Norway – The great market

For over two hundred years the townsfolk have gathered here for the church service on Sundays and for trading on certain week-days. Twice a week at present these stalls are occupied. There are excellent farms and market gardens in the city suburbs, from which these vendors have brought in vegetables, poultry and eggs, butter and cheese—the usual variety of food-stuff supplies. Those big glass cases are for flowers—the townspeople buy a good many. Prices are low here, for incomes are much smaller than in the United States. Farmers like these may perhaps handle not more than $300 to $400 in a year, but they get a good living, subscribe to Christiania newspapers and bring up their children well. Even here in the capital city few householders are actually rich. A city family with an income of 10,000 kroner-(i. e., $2,700) is considered distinctly well off. Twenty or twenty-five thousand heads of families here in town are factory employes, earning small wages in the wood-pulp industry, in saw mills, breweries, woolen mills and match factories. The average housekeeper who comes here a-marketing needs to be a shrewd buyer, in order to make her funds provide family necessities.

Over beyond the church and the house-roofs we can see a range of hills among which some of these very farmers live. The Ekeberg, from which we got our first sight of the town, is a little too far southward (right) for us to see from here now. The country beyond is just a succession of hills, valleys and lakes, more hills and more valleys and more lakes, extending to the frontier of Sweden (some thirty miles away straight ahead), and indeed for miles and miles beyond in Sweden. It was when invaders came over here from Sweden in 1567, to capture the old town of King Harold Hard-ruler, that the people with a sort of heroic insolence set their own homes afire and deliberately destroyed the whole town ! That happened not exactly where we are now ; the older town, Oslo, was a bit farther east on the other side of a small river. It was rebuilt and then, by accident, burned again in 1624, after which King Christian IV gave the place its third start on this ground where we are now. It is the monarch’s statue that we see in the middle of the square among the market-stalls. The city itself still bears his name.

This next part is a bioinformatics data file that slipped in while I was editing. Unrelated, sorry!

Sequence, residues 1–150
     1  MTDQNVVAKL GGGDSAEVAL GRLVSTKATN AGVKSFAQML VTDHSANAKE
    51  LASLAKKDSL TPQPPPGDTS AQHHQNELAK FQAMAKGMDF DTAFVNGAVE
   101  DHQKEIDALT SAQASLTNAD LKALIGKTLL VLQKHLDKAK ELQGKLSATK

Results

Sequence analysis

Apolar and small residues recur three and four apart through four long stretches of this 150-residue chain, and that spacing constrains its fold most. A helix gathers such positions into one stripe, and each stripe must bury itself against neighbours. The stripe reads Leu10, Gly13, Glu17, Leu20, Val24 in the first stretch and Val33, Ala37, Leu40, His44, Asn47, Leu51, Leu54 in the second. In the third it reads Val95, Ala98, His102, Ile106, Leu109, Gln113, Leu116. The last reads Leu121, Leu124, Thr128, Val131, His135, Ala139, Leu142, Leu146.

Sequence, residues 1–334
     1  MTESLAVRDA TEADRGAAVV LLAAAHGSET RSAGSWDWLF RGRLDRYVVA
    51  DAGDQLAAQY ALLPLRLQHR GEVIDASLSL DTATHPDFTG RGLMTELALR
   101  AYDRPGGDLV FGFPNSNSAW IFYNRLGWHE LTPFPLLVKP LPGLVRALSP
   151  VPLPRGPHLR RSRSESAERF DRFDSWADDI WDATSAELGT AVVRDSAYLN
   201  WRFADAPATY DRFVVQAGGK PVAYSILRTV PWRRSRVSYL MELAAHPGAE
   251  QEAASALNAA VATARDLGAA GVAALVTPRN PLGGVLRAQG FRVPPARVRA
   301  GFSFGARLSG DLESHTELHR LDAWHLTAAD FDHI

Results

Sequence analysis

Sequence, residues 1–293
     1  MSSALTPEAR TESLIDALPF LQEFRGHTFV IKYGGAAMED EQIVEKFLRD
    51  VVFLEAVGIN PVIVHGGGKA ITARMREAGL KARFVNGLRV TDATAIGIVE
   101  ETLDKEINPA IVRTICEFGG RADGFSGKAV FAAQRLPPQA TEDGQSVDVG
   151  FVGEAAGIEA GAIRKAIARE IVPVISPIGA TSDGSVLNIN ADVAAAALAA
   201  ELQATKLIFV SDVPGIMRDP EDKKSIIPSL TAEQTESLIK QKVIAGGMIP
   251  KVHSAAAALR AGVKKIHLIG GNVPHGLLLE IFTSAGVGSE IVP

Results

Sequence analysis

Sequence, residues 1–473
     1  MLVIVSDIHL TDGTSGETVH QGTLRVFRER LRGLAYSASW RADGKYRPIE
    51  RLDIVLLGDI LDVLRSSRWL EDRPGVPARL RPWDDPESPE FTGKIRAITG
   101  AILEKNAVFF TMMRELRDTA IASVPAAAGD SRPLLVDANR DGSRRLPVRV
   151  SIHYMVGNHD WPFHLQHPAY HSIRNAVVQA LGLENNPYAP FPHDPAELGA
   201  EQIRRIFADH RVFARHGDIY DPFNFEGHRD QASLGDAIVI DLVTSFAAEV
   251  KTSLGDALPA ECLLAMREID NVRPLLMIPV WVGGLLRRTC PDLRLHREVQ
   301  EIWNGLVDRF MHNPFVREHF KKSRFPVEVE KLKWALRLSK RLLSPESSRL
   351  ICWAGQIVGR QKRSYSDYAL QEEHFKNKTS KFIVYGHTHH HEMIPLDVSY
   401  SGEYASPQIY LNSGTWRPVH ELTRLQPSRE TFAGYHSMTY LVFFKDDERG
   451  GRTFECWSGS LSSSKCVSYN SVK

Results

Worship in that big church is according to Lutheran Protestant forms.* This particular building was erected after the Reformation and so was never a center of the older Catholic faith.

That restaurant on the north side of the square is a popular resort, the dishes served being practically about the same as in a middle-class restaurant in Germany or Denmark. Beer is the most popular beverage —there are in fact some good breweries here at Christiania. The apothecaries’ signs on those two buildings may remind us that the most celebrated of modern Norwegians was once a clerk in just such a shop down in one of the southern provinces. Indeed, when Henrik Ibsen first came to Christiania it was with the idea of studying medicine. Many a time since those youthful days Ibsen walked about in this very square. We shall presently visit his home up near the royal palace (Position 10).

But now let us visit that old church itself for a unique view of the market-crowd. Refer again to the same part of the map and notice how the lines indicate that we are to look back across the same square.